We love rebels and people who challenge the status quo, conventional wisdom and mainstream narratives and so we asked some really bright folks to tell us about one piece of conventional advice they disagree with.

Dani Adams-Barry | Newborn & Family Photographer

“All good things come to those who wait” I have a love hate relationship with this bit of advice, but hear me out. It took a huge leap of courage to begin my business. The fear of not being enough, having doubt that no one would like my work or want me. The dread of not being enough or let alone making enough to pay the bills. All this rolled into a tiny emotional ball in my head. Had I “waited” I would not be where I am today, and met the most amazing people through my work. It was a push, one my husband gave me. I did wait, for a long time for something that never came. So when the time came that maybe I could make this my one and only passion. To create beautiful moments that would last forever. And freeze those intimate memories so families could cherish them for years to come, I too …. almost….waited. And I’m so glad I didn’t. Read more>>

Jaycie Casso | Hairstylist, MUA & Photographer

“A jack of all trades is a master of none.” I find this “conventional” advice fallacious and discouraging. We weren’t created to pursue just one thing in life. As a cosmetologist, makeup artist and photographer, I have many trades and I plan to master them all. I believe if you are passionate about something and you put all your effort into it then you should be able to achieve any goals you set. The more the merrier is more my style. In my areas of expertise I have learned how to use the knowledge and skills developed from each industry and apply them to different work scenarios. Doing the things you’re good at is a great way to build up your confidence and develop a go-getter attitude. With a wide enough variety of skills, you could always be doing something you’re good at, constantly boosting your confidence no matter what you’ve set your mind to. It’s ok to Wear different hats. Cultivate multiple capabilities in yourself. Read more>>

Rachel Lumbreras | Lead Photographer & CEO

When I first told people I was starting a primarily photography business a lot of people told us to make sure and nail down our “look” because that would help us get the most clients. I don’t fully disagree with this advice, but I do think dangerous territory to try and fit individual, unique clients into the same 2 presets. At Lighthouse Creative we really pride ourselves on valuing the individual. Read more>>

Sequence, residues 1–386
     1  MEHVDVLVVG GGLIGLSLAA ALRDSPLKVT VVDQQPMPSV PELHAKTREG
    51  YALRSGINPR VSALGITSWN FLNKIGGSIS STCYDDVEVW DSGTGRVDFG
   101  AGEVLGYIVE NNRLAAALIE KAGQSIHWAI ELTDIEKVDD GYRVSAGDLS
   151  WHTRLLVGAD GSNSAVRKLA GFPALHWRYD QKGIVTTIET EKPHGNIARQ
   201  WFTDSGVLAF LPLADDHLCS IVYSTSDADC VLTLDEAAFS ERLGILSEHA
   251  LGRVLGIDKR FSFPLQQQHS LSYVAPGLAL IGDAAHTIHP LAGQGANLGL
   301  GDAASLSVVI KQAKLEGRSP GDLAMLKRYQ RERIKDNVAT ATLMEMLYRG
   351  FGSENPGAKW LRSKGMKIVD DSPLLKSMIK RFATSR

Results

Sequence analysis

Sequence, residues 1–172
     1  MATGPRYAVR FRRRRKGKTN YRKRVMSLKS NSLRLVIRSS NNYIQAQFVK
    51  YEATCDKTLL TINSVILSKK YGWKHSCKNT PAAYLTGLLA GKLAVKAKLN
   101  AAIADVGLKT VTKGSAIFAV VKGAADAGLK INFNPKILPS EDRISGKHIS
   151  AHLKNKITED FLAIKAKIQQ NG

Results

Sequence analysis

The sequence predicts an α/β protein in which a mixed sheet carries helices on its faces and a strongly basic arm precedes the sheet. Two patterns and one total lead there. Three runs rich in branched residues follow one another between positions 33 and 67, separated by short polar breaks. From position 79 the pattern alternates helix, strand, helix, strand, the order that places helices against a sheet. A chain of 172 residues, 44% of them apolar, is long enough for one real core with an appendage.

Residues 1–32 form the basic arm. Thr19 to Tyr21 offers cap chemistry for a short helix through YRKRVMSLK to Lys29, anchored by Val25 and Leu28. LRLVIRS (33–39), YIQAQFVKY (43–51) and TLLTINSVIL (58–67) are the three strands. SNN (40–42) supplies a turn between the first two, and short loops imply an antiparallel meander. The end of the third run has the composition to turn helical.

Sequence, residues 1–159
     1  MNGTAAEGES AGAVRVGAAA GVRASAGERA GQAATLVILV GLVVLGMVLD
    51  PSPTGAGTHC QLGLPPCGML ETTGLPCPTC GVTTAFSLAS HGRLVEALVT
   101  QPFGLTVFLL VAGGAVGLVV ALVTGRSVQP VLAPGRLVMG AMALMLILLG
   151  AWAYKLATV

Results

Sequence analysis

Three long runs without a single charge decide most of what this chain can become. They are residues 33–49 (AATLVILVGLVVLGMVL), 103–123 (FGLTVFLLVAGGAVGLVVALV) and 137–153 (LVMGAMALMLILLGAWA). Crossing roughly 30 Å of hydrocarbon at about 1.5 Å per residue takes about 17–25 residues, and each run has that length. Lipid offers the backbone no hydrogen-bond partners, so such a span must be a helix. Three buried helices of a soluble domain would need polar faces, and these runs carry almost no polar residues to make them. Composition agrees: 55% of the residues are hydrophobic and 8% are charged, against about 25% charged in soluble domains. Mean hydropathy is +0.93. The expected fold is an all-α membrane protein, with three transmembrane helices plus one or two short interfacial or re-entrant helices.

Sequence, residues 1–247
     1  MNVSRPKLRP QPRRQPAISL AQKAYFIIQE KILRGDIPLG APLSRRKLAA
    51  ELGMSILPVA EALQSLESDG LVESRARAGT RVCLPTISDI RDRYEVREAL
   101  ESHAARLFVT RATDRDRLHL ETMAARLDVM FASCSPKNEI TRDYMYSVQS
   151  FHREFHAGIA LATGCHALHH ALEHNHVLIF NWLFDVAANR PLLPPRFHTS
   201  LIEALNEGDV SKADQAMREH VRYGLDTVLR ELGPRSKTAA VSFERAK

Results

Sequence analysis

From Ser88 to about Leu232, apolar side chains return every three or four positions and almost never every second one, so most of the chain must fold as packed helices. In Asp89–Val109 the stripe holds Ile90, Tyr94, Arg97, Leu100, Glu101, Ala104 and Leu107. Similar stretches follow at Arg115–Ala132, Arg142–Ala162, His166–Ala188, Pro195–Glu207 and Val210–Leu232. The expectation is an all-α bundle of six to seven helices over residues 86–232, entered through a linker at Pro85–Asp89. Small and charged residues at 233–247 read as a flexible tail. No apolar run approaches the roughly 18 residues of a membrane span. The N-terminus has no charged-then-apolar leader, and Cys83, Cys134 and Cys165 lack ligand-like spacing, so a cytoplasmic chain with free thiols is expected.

Krishna Upadhyaya | Realtor

Keep Business Hours of 9-5. This advice I disagree with especially if you are service not retail. I don’t remember a time when I didn’t answer my phone after 5pm. The clients expect answers immediately. Of course, you need to keep your priorities in mind when owning a business. However, often owners loose business because they don’t answer their phone. A simple task yet not many business owners follow it. Answer your phone and you will get business! Read more>>

Megan Najera | Pet Portrait Creator & Surrealist

That all artists end up becoming teachers. I remember getting this question all the time when I first decided to start my business. I remember so many people telling me – well you need to go to school to learn how to teach! You’ll end up doing that anyways. This is entirely untrue and one of my life goals is to inspire other artists to realize their potential beyond teaching. There are so many things I have learned you can do with my creativity and it does NOT end at teaching. Read more>>

Tia Cole | Education and Development Specialist & Coach

People always say that it doesn’t matter what people think of you. I disagree. It absolutely matters what people think about you, but you can not be consumed by the worry of what other people think about you. If I could edit the phrase, I would say, it doesn’t matter what EVERYONE thinks about you, OR what the RIGHT people think about you matters. I say that because of the other phrase I disagree with (I’m giving you a bonus). People say who you know is important. I contend that “who knows you” is what is actually important. In my training and mentoring, I tell my people all the time that you need people in rooms you may not yet have access to saying your name (in positive ways). That is how many doors are opened and many opportunities are made available. And, in order for people to want to promote you, they must think highly of you. Read more>>

Kaity Harmon | Artist & Owner

The phrase “If you do what you love, you’ll never work a day in your life” always rubbed me the wrong way. Don’t get me wrong, I love being an artist; it’s everything to me. However, it’s a lot of time and work. It takes effort and a ton of trial and error. And that’s just doing the fun stuff. There’s also the business aspect to everything, and that is its own can of worms. Yes, I love it, but to say it’s not work would be a lie. Read more>>

Krista Johnson | Entrepreneur, Brand and Visibility Strategist & People Developer

I have worked in a variety of different environments, verticals, and companies! That means I have had access to talented, tuned-in leaders who’ve shared solid advice that was meant to empower me and help elevate my performance. This also means I have had my fair share of bad advice along the way. I believe we can learn just as much from the bad advice as we can the good. Here is what has stood out to me! 1. The space is too crowded or there are already so many marketing agencies. Do something different. This is just simply not true! Not true with marketing agencies, not true with any business. I believe with every business, in every vertical, there is room for all of us. Why? Your target audience needs you and needs how you uniquely solve problems. Figure out what makes you come alive, and do more of that. Read more>>